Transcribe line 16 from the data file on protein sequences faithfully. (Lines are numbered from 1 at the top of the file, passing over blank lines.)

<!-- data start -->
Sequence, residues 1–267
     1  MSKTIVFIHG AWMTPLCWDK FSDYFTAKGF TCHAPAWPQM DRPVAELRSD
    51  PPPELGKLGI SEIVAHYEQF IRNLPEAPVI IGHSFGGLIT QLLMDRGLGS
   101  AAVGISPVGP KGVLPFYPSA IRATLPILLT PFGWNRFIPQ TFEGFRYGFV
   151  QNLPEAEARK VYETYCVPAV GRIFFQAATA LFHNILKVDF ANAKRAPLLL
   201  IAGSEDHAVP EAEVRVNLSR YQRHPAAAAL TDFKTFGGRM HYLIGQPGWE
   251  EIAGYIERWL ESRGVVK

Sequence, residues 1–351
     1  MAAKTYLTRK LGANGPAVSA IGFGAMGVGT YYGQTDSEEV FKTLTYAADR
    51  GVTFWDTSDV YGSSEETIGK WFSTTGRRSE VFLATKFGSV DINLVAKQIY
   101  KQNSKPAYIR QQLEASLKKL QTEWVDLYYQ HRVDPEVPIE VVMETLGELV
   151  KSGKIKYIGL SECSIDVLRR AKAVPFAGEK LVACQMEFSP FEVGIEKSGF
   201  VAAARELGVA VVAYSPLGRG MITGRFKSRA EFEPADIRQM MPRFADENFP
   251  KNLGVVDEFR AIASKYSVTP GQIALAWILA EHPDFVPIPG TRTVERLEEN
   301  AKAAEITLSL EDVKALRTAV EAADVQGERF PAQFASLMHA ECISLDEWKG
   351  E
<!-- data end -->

   351  E